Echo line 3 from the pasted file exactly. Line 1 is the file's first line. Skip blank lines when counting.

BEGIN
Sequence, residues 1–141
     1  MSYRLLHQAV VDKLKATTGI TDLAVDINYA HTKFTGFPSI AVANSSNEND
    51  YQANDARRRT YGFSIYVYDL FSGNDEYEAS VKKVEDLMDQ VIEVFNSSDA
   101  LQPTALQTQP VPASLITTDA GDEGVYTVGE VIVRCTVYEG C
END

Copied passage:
    51  YQANDARRRT YGFSIYVYDL FSGNDEYEAS VKKVEDLMDQ VIEVFNSSDA